South Korea says Japan must heal wounds of wartime excesses
SEOUL (Reuters) - South Korea's president-elect said on Friday that Japan needed to come to terms with its colonial history as tension between two Asian allies of the United States simmered over Japan's rule of Korea and an island dispute.
Japanese Prime Minister Shinzo Abe said in a December 31 interview he wanted to issue a statement that would supersede a landmark 1995 apology for Japan's military aggression, a move bound to raise hackles in South Korea, ruled by Japan from 1910-1945, and in China, where bitter wartime memories run deep.
Japan's top government spokesman, Yoshihide Suga, confirmed on Friday that Abe wanted to issue his own "forward-looking" statement but also told reporters the 1995 statement by then-premier Tomiichi Murayama would stand.
"The two sides must have a correct view of history and pursue a future of reconciliation and cooperation," South Korean President-elect Park Geun-hye told Abe's aide, Fukushiro Nukaga, in Seoul, according to her spokeswoman, Cho Yoon-sun.
A "correct view of history" is shorthand for South Korea's desire for Japan to acknowledge its wartime and colonial excesses, something Tokyo says it has already done.
"The older generation must make the commitment to try to heal the wound, and must not become an obstacle to opening the way for the future generation."
China's Foreign Ministry said the Murayama statement was a "solemn declaration of attitudes and promises" made to countries in Asia victimized by Japanese invasion and colonisation.
"We hope Japan can adopt a spirit of reflecting on history and facing the future, and properly handle relevant issues," ministry spokeswoman Hua Chunying told reporters in Beijing.
A handful of protesters assembled at Gimpo Airport outside Seoul ahead of Nukaga's arrival and one stabbed himself in the stomach with a small knife and was taken to hospital.
Tensions over territorial claims and reparations and an apology for Korean sex slaves, known as comfort women, who were forced to work at Japanese military brothels, have spilled into the diplomatic arena as well as economics.
South Korea cancelled plans for an intelligence deal last year while a $57 billion currency swap to shore up Asia's second- and fourth-largest economies was allowed to lapse after South Korea's current president visited the disputed island.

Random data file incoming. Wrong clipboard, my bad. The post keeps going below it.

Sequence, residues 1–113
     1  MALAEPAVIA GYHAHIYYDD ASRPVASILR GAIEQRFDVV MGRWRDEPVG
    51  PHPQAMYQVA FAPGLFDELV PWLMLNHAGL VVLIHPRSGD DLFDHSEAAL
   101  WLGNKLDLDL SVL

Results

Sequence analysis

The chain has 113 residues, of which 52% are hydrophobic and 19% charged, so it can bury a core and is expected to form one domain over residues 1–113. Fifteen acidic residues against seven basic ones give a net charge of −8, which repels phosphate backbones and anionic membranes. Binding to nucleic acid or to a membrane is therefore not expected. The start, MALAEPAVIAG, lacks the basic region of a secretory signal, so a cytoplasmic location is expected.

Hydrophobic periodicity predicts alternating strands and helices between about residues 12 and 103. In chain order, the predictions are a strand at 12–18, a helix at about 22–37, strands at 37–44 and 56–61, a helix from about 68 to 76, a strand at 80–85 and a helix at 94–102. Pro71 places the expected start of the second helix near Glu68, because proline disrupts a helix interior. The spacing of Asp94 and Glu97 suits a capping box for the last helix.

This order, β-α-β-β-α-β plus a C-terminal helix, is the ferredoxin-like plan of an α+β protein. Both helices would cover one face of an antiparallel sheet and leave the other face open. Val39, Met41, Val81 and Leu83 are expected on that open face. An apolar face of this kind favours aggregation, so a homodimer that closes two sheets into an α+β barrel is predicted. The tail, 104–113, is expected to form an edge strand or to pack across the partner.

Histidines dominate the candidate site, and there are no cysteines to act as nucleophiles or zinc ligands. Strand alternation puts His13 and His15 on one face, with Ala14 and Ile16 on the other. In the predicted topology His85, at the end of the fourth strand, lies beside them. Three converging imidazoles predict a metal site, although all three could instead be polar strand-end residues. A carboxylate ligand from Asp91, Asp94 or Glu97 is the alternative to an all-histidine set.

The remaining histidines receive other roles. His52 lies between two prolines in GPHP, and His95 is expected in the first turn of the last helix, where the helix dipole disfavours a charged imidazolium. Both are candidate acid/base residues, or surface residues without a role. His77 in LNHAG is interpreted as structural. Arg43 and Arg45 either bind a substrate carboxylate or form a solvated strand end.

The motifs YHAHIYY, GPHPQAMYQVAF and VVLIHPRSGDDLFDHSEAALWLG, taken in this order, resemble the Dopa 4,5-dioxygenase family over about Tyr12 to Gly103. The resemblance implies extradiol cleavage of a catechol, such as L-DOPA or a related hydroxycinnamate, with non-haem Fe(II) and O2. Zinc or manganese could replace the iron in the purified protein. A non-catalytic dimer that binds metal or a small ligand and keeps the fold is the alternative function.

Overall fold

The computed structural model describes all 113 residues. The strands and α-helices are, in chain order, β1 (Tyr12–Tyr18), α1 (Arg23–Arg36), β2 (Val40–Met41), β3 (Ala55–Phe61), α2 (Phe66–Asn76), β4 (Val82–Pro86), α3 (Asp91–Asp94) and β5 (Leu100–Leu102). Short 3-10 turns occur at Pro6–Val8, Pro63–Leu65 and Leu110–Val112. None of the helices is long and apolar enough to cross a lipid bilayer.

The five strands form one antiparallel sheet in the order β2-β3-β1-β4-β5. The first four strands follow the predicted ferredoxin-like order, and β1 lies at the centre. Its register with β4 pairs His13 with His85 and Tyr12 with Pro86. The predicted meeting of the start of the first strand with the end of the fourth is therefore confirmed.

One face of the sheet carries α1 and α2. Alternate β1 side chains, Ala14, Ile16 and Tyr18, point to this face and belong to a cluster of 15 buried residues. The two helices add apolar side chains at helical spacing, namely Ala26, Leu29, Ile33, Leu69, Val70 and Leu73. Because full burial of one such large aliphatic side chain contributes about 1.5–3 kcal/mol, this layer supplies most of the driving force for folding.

On Thursday, a Seoul court ruled that a Chinese citizen who carried out an arson attack on the Yasukuni Shrine for war dead in Tokyo could not be extradited to Japan as he had committed a "political crime" and might not get a fair trial.
Abe told reporters in western Japan that the ruling was "extremely regrettable". Nukaga echoed that stance but said he had conveyed a message from Abe seeking to improve ties and invited Park to visit Japan soon, Kyodo news agency reported.
Park is the daughter of military strongman Park Chung-hee who established diplomatic ties between the two countries in 1965 after more than a decade of tortured talks brokered by Washington, winning aid that helped his industrial drive that propelled South Korea from poverty to rich nation status.
Japan says it has settled all its obligations and has apologised for its colonial rule, although Abe's government has raised doubts about whether it stands by a 1993 statement on comfort women as well as the 1995 apology by Murayama.
Seoul says there has not been sufficient apology for the hundreds of thousands of South Koreans used as sexual slaves by the Japanese army and that reparations are not complete.
Abe hails from a wealthy political family that includes a grandfather, Nobusuke Kishi, who was a wartime cabinet minister who was imprisoned but never tried as a war criminal after the war. He went on to become prime minister from 1957 to 1960.
Abe has promised not to yield in a territorial row with China over tiny islands in the East China Sea - known as the Senkaku in Japan and the Diaoyu in China - and boost defence spending to counter China's growing influence.
Both Park and Abe are keen to bolster ties with the United States, a bulwark against China and the key military backer of the South against North Korea.
North Korea raised tensions in the region by launching a long-range rocket in December that it said was aimed at putting a scientific satellite in orbit, drawing international condemnation. It is banned from testing missile or nuclear technology under U.N. sanctions imposed after its 2006 and 2009 nuclear weapons tests.
(Additional reporting by Yuko Yoshikawa and Tetsushi Kajimoto in Tokyo and Michael Martina in Beijing; Writing by David Chance; Editing by Linda Sieg and Nick Macfie)
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